200 [returned medals]. I’ve personally given back [medals] to living World War II veterans, some Purple Hearts and Bronze Stars.”

Q: So you’ve worked at the United Nations. You’ve been a deputy mayor [of Philadelphia]. You’ve been at the National Constitution Center. Where do you see this job fitting into the arc of your life in public service?

Torsella: “I’m going to give you like multiple choice, I’ll give you levels of answers. And you can decide what makes us okay, at the simplest level, I really like doing things. I don’t like talking about things. I like effecting change.

“And I think I’ve made choices in my career, some of which have been surprising to people, because I gravitate to where I think I can get things done. We have 350 great men and women who work here. Given the fact that three of my five elected predecessors — not appointed — found themselves facing, you know, federal charges.

“And given the corruption that sort of hovered around too much of Harrisburg. I think what we’ve done here is also of a piece with that, and and I like that, right?

“Third, the fiscal part of this job has always appealed to me, because I’m someone who comes at this from believing in government, not the reverse. I think you do have to care more, not less, about how it does what it does.  And truly, to my bones, waste and abuse and being taken advantage of really makes me mad.

“I’m sort of a cheapskate from way back. And it’s been a theme for how, you know, kind of how I’ve approached all these jobs — at the UN as Deputy Mayor, even at the Constitution Center — started, for me as a kind of a fiscal turnaround story.

“So I think the reason that, I mean, the fee stuff just makes me mad, because it looks to me like money is going from Pennsylvanians’ pockets to Wall Street’s pockets.”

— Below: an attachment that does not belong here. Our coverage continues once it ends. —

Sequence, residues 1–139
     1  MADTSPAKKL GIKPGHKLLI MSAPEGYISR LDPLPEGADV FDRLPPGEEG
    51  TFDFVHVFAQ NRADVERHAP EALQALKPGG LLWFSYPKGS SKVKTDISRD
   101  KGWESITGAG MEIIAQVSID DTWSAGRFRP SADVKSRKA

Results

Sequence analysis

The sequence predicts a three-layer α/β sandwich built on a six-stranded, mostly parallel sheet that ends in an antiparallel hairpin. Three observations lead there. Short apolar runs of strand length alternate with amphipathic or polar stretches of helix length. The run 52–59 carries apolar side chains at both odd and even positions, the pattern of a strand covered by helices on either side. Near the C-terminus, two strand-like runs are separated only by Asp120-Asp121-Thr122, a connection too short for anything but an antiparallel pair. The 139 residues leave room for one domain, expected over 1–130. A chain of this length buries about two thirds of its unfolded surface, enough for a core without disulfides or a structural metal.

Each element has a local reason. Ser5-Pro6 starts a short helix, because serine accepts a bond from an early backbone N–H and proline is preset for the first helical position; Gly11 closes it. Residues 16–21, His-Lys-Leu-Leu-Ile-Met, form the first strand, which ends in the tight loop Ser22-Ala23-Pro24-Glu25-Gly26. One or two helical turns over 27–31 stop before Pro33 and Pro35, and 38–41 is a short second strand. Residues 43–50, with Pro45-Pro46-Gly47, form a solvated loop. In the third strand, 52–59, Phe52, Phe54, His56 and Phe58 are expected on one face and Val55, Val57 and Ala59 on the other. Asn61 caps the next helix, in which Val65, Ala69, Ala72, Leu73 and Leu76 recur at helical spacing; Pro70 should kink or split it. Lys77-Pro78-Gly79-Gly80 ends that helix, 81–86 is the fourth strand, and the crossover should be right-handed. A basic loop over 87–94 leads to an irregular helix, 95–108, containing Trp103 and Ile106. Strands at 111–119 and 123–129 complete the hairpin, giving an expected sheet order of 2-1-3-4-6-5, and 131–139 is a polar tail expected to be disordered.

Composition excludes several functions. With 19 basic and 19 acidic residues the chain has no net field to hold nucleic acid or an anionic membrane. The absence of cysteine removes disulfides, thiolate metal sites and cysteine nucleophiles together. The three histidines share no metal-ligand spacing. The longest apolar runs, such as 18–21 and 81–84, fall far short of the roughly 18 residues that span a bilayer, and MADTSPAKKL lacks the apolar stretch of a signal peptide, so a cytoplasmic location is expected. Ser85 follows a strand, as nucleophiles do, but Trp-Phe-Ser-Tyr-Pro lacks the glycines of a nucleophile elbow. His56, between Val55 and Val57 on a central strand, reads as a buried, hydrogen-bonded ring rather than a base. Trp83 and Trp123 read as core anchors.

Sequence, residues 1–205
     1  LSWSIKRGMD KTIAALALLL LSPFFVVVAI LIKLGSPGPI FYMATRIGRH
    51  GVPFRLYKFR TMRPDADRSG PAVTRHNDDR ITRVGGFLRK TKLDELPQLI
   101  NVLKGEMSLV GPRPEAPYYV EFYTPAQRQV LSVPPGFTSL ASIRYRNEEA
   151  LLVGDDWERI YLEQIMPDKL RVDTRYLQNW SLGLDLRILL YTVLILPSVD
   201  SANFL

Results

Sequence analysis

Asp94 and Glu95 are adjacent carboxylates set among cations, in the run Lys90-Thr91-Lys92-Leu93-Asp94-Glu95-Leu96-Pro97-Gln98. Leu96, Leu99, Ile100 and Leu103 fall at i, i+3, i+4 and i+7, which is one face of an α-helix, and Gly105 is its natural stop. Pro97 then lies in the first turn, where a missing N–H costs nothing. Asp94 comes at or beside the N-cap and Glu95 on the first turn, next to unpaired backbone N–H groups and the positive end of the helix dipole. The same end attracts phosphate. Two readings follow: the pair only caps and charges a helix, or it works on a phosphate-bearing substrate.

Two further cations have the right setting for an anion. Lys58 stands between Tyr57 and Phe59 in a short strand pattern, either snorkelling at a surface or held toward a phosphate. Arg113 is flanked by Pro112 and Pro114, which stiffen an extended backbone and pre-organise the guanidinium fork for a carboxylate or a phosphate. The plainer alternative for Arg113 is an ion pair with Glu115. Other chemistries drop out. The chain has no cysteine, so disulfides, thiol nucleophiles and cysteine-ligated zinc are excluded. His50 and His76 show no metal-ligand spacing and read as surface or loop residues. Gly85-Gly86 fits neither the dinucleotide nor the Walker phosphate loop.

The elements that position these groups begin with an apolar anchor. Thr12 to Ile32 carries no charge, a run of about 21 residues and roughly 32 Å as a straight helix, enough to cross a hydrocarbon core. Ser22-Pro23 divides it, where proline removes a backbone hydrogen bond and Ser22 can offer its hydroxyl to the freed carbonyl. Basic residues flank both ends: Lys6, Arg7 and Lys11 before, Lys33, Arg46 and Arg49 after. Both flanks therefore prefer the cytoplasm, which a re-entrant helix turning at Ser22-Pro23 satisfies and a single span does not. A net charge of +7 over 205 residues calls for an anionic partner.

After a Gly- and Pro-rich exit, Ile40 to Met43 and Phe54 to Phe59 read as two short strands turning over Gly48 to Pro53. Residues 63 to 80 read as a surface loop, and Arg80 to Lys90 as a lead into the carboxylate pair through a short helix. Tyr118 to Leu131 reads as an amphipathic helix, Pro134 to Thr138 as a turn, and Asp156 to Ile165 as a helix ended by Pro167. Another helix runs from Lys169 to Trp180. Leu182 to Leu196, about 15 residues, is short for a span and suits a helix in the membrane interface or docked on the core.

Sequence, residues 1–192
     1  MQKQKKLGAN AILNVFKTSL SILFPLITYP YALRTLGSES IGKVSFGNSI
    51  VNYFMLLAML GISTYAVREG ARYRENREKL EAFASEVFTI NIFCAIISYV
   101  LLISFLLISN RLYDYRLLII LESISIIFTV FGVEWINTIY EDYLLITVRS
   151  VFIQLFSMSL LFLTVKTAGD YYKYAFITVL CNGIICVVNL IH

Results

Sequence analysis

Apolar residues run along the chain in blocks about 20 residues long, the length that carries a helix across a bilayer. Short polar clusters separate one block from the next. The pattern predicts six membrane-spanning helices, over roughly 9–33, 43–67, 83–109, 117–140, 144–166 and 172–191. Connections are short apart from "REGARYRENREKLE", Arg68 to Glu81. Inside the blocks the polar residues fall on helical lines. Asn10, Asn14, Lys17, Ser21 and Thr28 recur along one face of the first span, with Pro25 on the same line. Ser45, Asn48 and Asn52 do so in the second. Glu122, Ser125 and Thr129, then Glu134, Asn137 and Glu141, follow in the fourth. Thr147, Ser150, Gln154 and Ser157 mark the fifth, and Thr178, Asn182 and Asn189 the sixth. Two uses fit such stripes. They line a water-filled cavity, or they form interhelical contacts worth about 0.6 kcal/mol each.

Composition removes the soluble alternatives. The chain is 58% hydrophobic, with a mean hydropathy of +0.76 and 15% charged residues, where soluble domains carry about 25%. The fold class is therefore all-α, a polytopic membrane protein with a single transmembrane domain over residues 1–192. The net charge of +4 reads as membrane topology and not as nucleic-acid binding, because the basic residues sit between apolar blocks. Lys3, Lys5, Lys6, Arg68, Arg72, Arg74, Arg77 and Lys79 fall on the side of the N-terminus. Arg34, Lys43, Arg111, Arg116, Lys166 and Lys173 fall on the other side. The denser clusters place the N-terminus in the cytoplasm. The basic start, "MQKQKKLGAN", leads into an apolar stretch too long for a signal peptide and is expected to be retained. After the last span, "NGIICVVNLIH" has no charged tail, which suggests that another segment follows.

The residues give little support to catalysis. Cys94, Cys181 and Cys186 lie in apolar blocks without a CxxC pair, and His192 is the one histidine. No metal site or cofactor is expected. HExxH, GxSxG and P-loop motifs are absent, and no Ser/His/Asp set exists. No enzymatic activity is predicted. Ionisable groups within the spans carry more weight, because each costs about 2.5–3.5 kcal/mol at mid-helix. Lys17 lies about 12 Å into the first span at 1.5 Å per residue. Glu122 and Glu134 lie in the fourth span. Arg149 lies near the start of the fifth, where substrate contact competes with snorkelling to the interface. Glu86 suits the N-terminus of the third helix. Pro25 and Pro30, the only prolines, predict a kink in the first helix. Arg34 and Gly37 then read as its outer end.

Q: And this is kind of the obligatory question: What’s after this? Thoughts for 2020? For 2022?

Torsella: “So look, I love this job. I think it’s the best job in the state. I’m enormously proud of what I’ve done. I don’t know what the future holds. So I like to think I’m, you know, good at this and, and hopefully have a future and public service. But we’ll see where we go, we’ll see what happens. I don’t try hard to look around corners. I’ve tried hard while I’ve been here to keep my eye on this ball.”

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Our Stuff.
Our Washington reporter, Allison Stevenstakes a look at state-level efforts on redistricting reform in the wake of the recent U.S. Supreme Court decision.

Sarah Anne Hughes looks at new state spending on affordable housing in the 2019-20 state budget.

Stephen Caruso has what you need to know about last week’s gubernatorial veto of legislation tying funding for new voting machines to language eliminating straight-ticket voting.

On our Commentary Page, U.S. Rep. Madeleine Dean, D-4th Districttalks about federal efforts to preserve abortion rights. And in keeping with the lazy summer vibe, here’s our tribute to the fine art of doing nothing — and how much you really do when you’re doing it.